Entertainment Magazine

Hitchcock (2012)

Posted on the 06 January 2016 by Christopher Saunders
Hitchcock (2012)Since Alfred Hitchcock is among the few classic directors still a household name, a biopic was inevitable. But did it have to be Hitchcock (2012)? Sacha Gervasi's seriocomic account of the making of Psycho misfires, often inaccurate and infrequently entertaining.
It's 1960 and Alfred Hitchcock (Anthony Hopkins) seems bored with his career. North by Northwest was a major hit, but Hitchcock wants more challenging material. He reads Robert Bloch's Psycho and decides to adapt it, despite Paramount's opposition. Hitchcock engages with the novel's antihero, Norman Bates, to the chagrin of his wife Alma Reville (Helen Mirren). She wonders if Hitchcock's allowing Bloch's psychosis to his own demons.
Hitchcock faces one insuperable problem: while Psycho was groundbreaking in its violence and psychosexual portraiture, it wasn't an especially arduous production. Hitchcock finances the movie himself and battles censorial fuddy-duddies, and there's amusement in his desperation to preserve the twist ending, swearing the cast to secrecy and buying up Bloch's book. Still, Gervasi and screenwriter John J. McLaughlin, working off a nonfiction book by Stephen Rebello, enliven things with questionable dramatizations.
Hitchcock (2012)Hitchcock's distortions range from forgivable to inexplicable. Hitchcock's battles with distributor Paramount are detailed, but it's nowhere mentioned that he shot the movie at Universal. There's also Alma stepping into the director's chair when Hitchcock becomes sick and overseeing the editing. It's nice to acknowledge Alma as Hitchcock's partner; she helped write and edit his scripts for decades, becoming an indispensable collaborator. But Hitchcock overbalances the ledger; what would John L. Russell and George Tomassini say?
While making Alma Hitch's equal, Gervasi also has her resist Whitfield Cook (Danny Huston), writer and (unmentioned here) occasional Hitchcock collaborator. This subplot's merely unnecessary, unlike Hitchcock's most bizarre conceit. Hitchcock's visited by the ghost of Ed Gein (Michael Wincott), the real-life Norman Bates, in several ridiculous sequences. This ill-conceived device disconnects themes from story, spotlighting Hitchcock's biggest flaw.
Since Donald Spoto's The Dark Side of Genius, writers love equating Hitchcock's films with his real-world hang-ups. Whether Hitchcock was a gentlemanly genius or manipulative closet psychopath depends on whether you asked Grace Kelly or Tippi Hedren. Hitchcock acknowledges his foibles: he leers at starlets and keeps portraits of his "Hitchcock blondes" while neglecting Alma. Gervasi curiously treats this as charming rather than creepy, Hitchcock a playful eccentric, presenting perversion without committing to it.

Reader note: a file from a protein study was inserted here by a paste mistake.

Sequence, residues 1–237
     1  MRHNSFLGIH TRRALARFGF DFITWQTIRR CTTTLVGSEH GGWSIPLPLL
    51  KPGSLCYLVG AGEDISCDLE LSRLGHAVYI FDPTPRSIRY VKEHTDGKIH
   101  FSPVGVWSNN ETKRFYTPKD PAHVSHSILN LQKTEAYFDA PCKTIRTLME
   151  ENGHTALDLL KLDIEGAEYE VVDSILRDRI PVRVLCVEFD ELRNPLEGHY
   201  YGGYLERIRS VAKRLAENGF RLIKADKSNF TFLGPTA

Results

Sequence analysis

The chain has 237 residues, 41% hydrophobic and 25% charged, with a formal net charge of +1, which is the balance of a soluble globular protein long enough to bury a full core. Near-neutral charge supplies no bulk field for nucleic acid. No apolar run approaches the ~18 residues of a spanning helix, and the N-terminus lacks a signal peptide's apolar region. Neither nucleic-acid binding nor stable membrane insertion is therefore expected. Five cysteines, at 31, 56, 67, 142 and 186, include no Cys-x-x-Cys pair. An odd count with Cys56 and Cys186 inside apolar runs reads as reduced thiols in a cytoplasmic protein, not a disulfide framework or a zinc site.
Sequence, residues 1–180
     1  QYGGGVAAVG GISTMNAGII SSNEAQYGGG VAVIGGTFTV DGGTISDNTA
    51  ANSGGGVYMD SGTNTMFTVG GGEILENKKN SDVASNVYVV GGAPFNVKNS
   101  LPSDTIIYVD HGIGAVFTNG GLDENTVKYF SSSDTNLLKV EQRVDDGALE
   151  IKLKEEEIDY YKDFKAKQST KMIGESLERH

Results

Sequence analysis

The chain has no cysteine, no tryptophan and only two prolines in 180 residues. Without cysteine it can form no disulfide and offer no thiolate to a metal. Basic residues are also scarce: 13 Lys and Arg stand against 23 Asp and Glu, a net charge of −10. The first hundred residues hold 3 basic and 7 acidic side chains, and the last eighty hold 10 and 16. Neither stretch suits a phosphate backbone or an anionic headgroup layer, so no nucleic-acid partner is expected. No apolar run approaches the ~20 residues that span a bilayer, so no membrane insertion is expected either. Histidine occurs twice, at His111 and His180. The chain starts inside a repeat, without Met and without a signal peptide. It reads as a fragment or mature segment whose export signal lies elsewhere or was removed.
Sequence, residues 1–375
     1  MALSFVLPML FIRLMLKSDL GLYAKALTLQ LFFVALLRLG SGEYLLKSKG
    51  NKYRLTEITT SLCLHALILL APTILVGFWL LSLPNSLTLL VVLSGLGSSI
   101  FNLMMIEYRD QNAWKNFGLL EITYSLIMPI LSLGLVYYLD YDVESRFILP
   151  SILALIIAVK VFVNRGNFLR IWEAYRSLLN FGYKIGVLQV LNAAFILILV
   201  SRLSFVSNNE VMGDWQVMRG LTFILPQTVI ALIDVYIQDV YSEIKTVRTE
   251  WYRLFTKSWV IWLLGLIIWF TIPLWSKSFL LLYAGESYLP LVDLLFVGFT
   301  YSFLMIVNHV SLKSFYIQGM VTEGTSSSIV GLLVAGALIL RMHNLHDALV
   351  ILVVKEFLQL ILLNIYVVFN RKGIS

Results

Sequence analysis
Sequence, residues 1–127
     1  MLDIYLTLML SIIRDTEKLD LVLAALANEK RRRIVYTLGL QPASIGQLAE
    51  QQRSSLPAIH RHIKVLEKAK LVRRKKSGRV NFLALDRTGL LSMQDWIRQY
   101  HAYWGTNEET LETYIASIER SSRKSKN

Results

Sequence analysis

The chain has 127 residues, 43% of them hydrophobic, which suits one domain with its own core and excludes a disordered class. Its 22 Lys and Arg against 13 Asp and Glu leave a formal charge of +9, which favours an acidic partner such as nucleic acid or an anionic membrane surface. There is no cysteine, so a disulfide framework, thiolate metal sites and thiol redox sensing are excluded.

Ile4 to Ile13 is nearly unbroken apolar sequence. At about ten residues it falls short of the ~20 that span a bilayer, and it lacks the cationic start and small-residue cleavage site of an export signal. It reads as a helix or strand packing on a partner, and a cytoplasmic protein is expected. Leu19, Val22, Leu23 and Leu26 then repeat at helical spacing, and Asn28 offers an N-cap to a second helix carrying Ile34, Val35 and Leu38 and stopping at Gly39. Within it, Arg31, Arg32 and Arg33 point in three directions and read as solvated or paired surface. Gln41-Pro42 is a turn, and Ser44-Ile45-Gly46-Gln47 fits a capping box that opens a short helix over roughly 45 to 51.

Hitchcock (2012)Following Rebello, Hitchcock claims that he sabotaged Vera Miles' (Jessica Biel) career after declining Vertigo. Hitchcock also badgers Janet Leigh (Scarlett Johansson) with smutty ranting and a simulated knife attack, driving her to hysteria. This projects Tippi Hedren's claims of abuse onto Leigh, with whom Hitchcock had an amiable relationship. Fair that a biopic explore this, but why Psycho? Surely Vertigo or Marnie are more fitting? Then again, HBO's The Girl tackled the latter and fared even worse.
Anthony Hopkins makes Hitch a glib cockney gargoyle, unrecognizable under mountains of makeup. In fairness, Hopkins captures Hitchcock's morbid humor: he distributes articles on Gein to party guests and invites a timorous censor (Kurtwood Smith) to direct a love scene. On the other hand, Hopkins suggests little of Hitchcock's charm, genius or skill, instead seeming a constipated ghoul more pitiable than engaging.
Hitchcock (2012)Helen Mirren's tart wit and innate intelligence enlivens her inconsistent character. We respect her skill and unyielding tolerance for Hitchcock while questioning her judgment. Scarlett Johansson makes a pitch-perfect Janet Leigh, but Jessica Biel neither resembles nor invokes Vera Miles. James D'Arcy's dead-on Anthony Perkins is completely wasted. Danny Huston, Michael Stuhlbarg, Toni Collete and Kurtwood Smith play peripheral roles.
One could ignore Hitchcock's factual infelicities if it had more to offer. Despite some snappy dialog and a few clever scenes (Hitchcock conducting his audience's screams), it's mostly inert. In any case, film buffs are the primary audience and who better to appreciate its inaccuracies?

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